The Info List - Dilazak

The Dilazak (Urdu : دلزاک) is a Pashtun tribe, primarily living in Afghanistan
and Pakistan.[citation needed]


1 History

1.1 Dispersal by the Mughals 1.2 Return under Shahjahan

2 References 3 External links

History[edit] The Dilazak originally dwelled in the Sulaiman Range near Eastern Afghanistan
and western Pakistan
border regions. They were the first of the Pashtun tribes from the region to migrate north-eastwards. They descended to the valley of Peshawar
through Khyber Pass
Khyber Pass
during the time of Samanid Dynasty, between 750 and 850 CE.[1] The Dilazak expelled or subdued other tribes of the area such as Swati, Degan and Tirahi tribes.[2] By the time of Mehmood Ghaznavi (around 1000 CE), the Dilazak had reached the Indus River
Indus River
(Then called Abaseen or Neelaab).[3] They participated in the campaigns of Mehmood Ghaznavi in large numbers under their leader Malik Yahya Khan.[4] In the 500 years that followed, they extended up to Hassan Abdal
Hassan Abdal
and towards the North up to Abbottabad. According to Aain-i-Akbari (written around 1590 CE), the Dilazak were the only Pashtun tribe
Pashtun tribe
that possessed lands in Hazara Qaarlugh at that time.[5][6] Around 1520, another Pashtun tribe, the Yousafzai, was expelled from Kabul
by Mirza Ulugh Beg (March 22, 1394 in Sultaniyeh
(Persia) – October 27, 1449 (Samarkand)), a Timurid ruler and paternal uncle of the Mughal Emperor Zahir-ud-din Muhammad Babur.[7] The Yousafzai migrated to Peshawar
valley where they sought and received help from the Dilazak.[8] Later, the relationships between the two tribes deteriorated and a long war ensued.[9] 20 years later, at the battle of Katlang, the Yousafzai, the Utmanzae (A cousin tribe of the Dilazak) and other tribes pushed the Dilazak east of the Indus River under the leadership of Malik Ahmed Khan.[10] Dispersal by the Mughals[edit] The Mughal had varying relations with the Pashtuns. The Dilazak were on the eastern side of the Indus River
Indus River
and thus vulnerable to the Mughal army. Around 1607, while on his way to Kabul, Mughal Emperor Salim Nuruddin Jahangir
(20 September 1569 – 8 November 1627) left his large army under the command of Zaffar Khan Koka son of Zain Khan Koka, and ordered him to wipe out the Dilazak and arrest the leaders of the Khattar tribe.[11] Zaffar Khan Koka complied with the orders and deported 100,000 families of the Dilazak to Lahore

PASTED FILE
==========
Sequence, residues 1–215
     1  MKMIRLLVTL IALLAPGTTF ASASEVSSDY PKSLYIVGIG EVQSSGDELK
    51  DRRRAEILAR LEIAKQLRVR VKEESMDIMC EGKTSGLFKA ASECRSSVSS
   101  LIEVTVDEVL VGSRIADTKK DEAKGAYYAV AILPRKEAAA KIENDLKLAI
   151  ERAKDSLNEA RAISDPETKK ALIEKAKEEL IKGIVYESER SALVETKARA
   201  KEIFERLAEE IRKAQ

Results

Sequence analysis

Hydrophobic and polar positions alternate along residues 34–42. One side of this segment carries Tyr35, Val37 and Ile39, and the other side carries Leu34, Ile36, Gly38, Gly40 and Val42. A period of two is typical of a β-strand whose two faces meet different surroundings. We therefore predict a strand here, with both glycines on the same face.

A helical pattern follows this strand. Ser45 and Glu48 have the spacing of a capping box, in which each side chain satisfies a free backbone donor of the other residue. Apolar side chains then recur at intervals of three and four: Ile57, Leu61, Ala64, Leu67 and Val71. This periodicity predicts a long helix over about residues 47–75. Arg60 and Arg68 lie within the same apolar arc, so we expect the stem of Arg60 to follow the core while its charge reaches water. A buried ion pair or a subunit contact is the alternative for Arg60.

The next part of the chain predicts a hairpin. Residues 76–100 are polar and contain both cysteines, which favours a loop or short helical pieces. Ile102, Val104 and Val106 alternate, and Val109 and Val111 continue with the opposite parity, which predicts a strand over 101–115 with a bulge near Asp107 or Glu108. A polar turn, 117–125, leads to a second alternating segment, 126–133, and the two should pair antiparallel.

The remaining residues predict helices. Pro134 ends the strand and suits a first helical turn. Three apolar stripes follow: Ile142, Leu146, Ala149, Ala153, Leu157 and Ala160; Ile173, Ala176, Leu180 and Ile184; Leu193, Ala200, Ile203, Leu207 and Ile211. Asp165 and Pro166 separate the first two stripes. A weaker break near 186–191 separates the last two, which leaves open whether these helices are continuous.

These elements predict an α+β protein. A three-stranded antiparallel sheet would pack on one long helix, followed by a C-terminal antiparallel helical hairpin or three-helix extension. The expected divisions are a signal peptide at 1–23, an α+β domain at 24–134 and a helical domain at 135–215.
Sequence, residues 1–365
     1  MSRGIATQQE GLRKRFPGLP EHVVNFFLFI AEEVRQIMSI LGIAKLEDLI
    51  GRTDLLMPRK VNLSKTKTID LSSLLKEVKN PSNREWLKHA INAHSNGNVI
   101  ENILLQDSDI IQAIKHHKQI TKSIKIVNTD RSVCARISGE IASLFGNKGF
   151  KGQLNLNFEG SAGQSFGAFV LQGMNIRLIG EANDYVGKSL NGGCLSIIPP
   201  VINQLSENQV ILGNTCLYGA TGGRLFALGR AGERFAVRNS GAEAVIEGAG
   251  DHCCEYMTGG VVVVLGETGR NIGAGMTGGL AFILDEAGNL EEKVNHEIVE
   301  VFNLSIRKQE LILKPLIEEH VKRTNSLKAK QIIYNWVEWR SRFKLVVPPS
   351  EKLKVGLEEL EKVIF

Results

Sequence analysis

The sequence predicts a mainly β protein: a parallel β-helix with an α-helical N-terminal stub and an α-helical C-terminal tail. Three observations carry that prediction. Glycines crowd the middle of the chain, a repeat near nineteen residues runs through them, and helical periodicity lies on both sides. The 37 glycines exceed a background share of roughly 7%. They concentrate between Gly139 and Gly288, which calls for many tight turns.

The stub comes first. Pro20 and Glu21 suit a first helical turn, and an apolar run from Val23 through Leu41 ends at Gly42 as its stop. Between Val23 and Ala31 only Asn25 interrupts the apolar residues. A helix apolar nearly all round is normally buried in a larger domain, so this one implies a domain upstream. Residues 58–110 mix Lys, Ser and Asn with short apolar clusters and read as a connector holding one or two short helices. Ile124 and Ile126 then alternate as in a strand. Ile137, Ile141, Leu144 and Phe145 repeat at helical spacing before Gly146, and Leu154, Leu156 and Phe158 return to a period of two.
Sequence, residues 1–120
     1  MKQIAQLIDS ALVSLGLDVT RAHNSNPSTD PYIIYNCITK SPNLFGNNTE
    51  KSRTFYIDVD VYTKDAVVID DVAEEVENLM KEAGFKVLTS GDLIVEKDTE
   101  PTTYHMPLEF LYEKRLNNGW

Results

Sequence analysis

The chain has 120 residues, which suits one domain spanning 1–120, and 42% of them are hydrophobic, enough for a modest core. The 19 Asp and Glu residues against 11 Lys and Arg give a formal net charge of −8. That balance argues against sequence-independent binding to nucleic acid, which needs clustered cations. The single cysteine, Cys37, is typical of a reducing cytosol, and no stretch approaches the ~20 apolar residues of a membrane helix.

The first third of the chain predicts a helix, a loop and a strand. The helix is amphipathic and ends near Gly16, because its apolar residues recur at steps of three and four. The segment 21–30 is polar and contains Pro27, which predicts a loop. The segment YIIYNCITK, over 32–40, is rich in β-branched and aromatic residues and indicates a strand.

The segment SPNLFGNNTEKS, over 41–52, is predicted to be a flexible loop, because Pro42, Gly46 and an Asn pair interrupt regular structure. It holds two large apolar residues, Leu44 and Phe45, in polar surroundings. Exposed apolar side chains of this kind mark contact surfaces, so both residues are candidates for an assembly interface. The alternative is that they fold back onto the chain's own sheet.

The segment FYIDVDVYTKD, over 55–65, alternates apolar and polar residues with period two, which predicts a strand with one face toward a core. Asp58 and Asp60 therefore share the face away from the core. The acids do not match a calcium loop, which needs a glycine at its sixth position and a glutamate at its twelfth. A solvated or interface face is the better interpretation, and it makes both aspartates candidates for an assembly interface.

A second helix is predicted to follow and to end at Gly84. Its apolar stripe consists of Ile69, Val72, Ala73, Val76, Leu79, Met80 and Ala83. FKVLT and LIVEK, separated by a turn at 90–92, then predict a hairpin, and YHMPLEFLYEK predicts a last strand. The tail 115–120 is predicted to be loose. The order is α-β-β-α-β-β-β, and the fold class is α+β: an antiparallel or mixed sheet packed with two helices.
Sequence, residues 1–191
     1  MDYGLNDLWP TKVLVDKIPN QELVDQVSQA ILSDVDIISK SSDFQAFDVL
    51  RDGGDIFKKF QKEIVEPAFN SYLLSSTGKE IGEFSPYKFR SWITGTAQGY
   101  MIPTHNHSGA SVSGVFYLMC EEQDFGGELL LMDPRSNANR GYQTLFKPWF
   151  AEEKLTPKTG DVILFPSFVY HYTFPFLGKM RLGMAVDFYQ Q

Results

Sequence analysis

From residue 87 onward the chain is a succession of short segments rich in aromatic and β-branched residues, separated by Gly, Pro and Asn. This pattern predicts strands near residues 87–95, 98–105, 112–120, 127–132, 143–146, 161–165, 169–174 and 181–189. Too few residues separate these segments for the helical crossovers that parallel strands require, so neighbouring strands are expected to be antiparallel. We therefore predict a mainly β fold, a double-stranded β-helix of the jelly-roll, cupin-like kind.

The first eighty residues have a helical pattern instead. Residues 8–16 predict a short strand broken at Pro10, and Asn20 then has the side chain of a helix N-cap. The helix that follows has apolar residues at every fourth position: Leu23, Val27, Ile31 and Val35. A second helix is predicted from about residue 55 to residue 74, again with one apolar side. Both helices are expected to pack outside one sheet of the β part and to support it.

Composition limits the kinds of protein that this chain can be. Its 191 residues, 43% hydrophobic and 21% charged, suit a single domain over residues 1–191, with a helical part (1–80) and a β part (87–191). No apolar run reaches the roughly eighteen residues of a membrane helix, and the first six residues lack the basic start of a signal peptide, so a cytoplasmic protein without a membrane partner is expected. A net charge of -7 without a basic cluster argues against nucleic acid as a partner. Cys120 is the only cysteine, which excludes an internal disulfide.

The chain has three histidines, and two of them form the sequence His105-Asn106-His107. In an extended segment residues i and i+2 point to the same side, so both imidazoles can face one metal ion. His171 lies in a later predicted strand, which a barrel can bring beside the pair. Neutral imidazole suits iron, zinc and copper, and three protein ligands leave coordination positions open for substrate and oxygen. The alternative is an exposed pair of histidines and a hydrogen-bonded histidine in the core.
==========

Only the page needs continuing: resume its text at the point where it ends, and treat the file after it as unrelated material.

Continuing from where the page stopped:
for further dispersal throughout India.[12] Few families of the Dilazak escaped this exodus. Return under Shahjahan[edit] Most of the Dilazaks returned during the reign of the Mughal Emperor Shah Jahan
Shah Jahan
(January 5, 1592 – January 22, 1600), and settled in parts of Khyber Pakhtoonkhwa
Khyber Pakhtoonkhwa
Province and Punjab Province of Pakistan in their old lands.[13] One of them, Saleh Khan, settled with his family in Sara-e-Saleh and Tir, both in Haripur District
Haripur District
of Khyber Pakhtoonkhwa Province in Pakistan.[14] References[edit]

^ "Taarikh-e-Hazara (History of Hazara)" (Urdu-1969) by Dr. Sher Bahadur Khan Panni Page 295-313 ^ " Afghanistan
and its Inhabitants" by Muhammad Hayat Khan (Author), Henry Priestley (Translator) (1874) (Reproduced by Sang-e-Meel Publications, Pakistan
(1981) Page 55/56 and Page 197/198 ^ "Taareekh-e-Hazara" (Urdu) by Dr. Sher Bahadur Khan Panni_first edition_1969 p 295-313,"Taareekh-e-Wadi-e-Chhachh and Aqwaam-e-Chhachh" (Urdu) by Manzoor Awan p 175-182, " Afghanistan
and its inhabitants" translation of Muhammad Hayat Khan's book by Henry B Priestley_1874 (reproduced by Sang-e-Meel Publications_Pakistan_1981 p-55/56, p- 197/198, “Da Pasto Qabeelo Shajre o Mene" (Pashto) by Muhammad Umar Rond Miakhel_2001 p 346-347 ^ "Taareekh-e-Pashtoon" by Sher Muhammad Khan translated by Saraj Ahmed Alvi (1979) Page 200 ^ Hazara Qaarlugh was a term used during the Mughal period for an administrative unit collocated with the modern Hazara Division
Hazara Division
of Khyber Pakhtunkhwa, Attock District
Attock District
and Hassan Abdal
Hassan Abdal
(Tehsil) of Punjab Province. ^ "Ain-i-Akbari" (Urdu) by Abul Fazal, translated by Maulvi Fida Ali, published by Sang-e-Meel Publications (2007) Page 1036, table serial #37 ^ "The Pathans" by Sir Olaf Caroe Page 153,173/174 ^ "Mukhtasur Taareekh-e-Pashtoon (Short History of Pashtoons) by Professor Hameedullah (2004) Page 49 ^ "Tawareekh-e-Hafiz Rahmat Khani" (Urdu) by Pir Moazzam Shah rearranged with notes by 'Roshan Khan', Published by Pashto Academy, Peshawar
University (1976) Pages 83-570 ^ "The Kingdom of Afghanistan
- A Historical Sketch" by G.P.Tate (1911), Reproduced by 'Indus Publications' (1973) Page 12 (Foot Note) ^ "Memoir of Jahangir" by late Sir H.M.Elloit ^ "Hayat-e-Afghani (Life of an Afghan)" by Nawab Muhammad Hayat Khan (1865) English translation by H.B. Priestley (1874) Page 371 ^ "Punjabi Musalmans" by Lieutinent Colonel J.M.Wikeley, British-Indian Army (Before Indo-Pak Partition), Page 152 ^ "Taareekh-e-Hazara" (Urdu) by Dr. Sher Bahadur Khan Panni First Edition (1969) Page 295-313

External links[edit]